6. How many duct outlets and their sizes (2 1/2" or 2")?
    7. Return air duct size?
    Bob Boan
    You can choose to do what you want, but you cannot choose the consequences.
    aircooled81
  • unclejohn
    unclejohn Member Posts: 1,730
    Unit is sized by load not room size. Are there the same amount of air outlets on both floors?
  • Motz
    Motz Member Posts: 5
    Almost, 13 upstairs, 14 downstairs. I will see if can get the load calc and other data from the vendor.

    Thanks again for the input.
  • GBart
    GBart Member Posts: 746
    Some other things to look for, does the lower level have a lot of glass, windows facing the Sun perhaps?? Are both units in the attic, hi velocity systems lose on long runs, from the Space Pak info-- The most important rule of thumb when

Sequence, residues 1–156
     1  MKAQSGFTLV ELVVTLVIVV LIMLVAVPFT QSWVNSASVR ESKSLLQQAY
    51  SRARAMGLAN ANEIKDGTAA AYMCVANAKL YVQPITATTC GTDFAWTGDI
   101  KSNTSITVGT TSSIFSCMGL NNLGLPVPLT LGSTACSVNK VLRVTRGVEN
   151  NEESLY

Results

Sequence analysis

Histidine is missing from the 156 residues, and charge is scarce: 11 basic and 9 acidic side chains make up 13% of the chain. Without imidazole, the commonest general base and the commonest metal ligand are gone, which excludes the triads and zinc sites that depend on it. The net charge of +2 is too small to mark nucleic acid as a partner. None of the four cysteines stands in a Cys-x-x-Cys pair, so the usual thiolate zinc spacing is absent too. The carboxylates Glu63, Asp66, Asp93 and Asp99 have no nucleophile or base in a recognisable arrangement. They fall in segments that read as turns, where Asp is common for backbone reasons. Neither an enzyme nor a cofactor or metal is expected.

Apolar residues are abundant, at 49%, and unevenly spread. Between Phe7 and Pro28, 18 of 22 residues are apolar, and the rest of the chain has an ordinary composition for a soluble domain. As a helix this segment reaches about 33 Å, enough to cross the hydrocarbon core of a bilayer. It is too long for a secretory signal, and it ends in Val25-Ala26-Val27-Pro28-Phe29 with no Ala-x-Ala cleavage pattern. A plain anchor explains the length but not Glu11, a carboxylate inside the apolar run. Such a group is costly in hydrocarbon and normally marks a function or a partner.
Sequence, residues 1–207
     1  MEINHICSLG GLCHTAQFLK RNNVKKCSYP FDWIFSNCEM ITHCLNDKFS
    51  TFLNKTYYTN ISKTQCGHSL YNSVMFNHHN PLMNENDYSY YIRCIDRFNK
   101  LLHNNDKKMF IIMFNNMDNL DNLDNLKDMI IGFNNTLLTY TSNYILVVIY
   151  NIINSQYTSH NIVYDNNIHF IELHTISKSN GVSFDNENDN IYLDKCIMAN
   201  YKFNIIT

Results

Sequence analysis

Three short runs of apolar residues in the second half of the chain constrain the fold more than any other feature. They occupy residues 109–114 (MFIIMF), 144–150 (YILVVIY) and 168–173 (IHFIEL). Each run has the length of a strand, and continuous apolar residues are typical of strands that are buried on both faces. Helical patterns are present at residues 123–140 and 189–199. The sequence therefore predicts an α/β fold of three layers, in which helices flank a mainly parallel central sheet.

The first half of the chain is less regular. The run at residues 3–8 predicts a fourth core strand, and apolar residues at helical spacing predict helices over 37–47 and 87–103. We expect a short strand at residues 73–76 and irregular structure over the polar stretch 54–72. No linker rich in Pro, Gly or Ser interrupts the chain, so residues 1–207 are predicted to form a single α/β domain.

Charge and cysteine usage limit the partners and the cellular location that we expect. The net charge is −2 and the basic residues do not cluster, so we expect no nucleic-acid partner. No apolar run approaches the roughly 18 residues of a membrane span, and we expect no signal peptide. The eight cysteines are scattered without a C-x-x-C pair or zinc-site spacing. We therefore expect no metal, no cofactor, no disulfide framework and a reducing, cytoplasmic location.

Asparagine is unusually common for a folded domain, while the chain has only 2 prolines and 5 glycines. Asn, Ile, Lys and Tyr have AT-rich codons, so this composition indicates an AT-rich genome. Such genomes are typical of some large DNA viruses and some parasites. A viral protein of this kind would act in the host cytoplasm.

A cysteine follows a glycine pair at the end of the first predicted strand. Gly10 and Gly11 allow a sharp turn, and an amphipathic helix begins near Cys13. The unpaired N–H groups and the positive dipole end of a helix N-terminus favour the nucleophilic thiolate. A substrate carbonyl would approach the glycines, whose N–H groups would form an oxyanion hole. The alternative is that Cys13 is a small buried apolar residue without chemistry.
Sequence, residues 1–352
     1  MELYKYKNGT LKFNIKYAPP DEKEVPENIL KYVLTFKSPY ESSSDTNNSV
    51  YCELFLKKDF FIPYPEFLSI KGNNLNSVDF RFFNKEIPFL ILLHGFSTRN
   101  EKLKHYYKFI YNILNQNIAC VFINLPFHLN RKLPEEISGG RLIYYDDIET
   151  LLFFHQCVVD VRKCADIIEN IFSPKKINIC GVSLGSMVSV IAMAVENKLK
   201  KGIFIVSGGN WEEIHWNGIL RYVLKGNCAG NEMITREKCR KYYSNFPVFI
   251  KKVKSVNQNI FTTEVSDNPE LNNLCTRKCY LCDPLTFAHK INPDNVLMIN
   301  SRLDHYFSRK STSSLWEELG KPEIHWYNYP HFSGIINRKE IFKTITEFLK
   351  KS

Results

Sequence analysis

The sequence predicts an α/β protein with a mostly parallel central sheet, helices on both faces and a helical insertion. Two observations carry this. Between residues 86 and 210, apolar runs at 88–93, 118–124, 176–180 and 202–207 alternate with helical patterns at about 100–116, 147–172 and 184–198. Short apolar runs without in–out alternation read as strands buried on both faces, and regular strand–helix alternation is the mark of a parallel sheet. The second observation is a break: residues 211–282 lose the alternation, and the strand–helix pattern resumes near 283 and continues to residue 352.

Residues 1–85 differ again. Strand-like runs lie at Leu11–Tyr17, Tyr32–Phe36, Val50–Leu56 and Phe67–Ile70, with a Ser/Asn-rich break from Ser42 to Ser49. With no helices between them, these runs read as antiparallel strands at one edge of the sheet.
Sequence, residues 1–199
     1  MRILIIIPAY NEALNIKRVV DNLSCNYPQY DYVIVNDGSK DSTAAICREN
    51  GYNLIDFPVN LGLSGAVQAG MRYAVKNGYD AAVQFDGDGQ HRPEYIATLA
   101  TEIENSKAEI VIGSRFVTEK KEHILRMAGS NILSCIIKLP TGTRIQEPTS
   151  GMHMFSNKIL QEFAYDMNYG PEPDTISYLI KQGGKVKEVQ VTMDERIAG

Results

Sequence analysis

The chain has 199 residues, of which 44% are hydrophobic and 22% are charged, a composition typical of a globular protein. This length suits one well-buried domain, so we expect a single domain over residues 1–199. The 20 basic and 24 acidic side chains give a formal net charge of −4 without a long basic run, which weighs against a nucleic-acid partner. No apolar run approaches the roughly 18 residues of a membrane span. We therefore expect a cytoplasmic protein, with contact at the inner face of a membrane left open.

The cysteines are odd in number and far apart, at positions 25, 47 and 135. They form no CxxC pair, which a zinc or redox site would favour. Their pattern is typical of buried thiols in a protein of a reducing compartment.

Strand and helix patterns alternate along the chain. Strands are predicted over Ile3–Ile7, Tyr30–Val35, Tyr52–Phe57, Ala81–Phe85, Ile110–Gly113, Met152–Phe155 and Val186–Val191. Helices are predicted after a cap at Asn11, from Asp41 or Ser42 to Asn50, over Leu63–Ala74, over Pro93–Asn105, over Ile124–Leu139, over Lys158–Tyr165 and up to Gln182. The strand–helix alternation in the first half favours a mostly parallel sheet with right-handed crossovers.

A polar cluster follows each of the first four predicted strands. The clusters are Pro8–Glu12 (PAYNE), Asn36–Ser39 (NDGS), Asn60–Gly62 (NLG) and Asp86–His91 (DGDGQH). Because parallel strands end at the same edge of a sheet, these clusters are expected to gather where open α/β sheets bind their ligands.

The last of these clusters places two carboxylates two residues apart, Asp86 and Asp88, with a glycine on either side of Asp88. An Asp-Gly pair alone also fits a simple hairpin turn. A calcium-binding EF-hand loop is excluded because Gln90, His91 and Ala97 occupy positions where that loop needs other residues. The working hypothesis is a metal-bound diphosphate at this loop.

installing a SpacePak system is having the proper
    number of outlets. Six (6) to Seven (7) outlets per ton are
    recommended for optimal 35-40 CFM airflow from each
    outlet under normal conditions to maximize aspiration. Supply Duct – Ideally, all runs should be as equal in length
    as possible. Keep the 2" duct length between 9 ft. and 30
    ft. for best performance. The longer the run, the lower the
    CFM capacity.
    HVACguyinMEmegharrington
  • Motz
    Motz Member Posts: 5
    re: "does the lower level have a lot of glass".

    In a word, YES.

    2nd floor has 10 windows of about 41 sq ft in area.
    1st floor has 29 windows of about 216 sq ft in area.

    Is this a big deal from a load calc perspective?

    Thanks again for your expertise.

    Motz.
    GBart
  • Ironman
    Ironman Member Posts: 6,401
    It's a huge difference! Glass is the largest percentage of heat gain of the building's envelope. If it's South, SW, or SE facing, figure figure 80 btus per sq. foot when the sun's striking it. East or West facing, 120 btus per sq. foot when the sun is full on it.

    Those numbers can vary a lot depending upon shading, angle of the sun, e value, time of day, etc. But for any of those directions and variables, I'd allow no less than 60 btus per sq. foot of glass.
    Bob Boan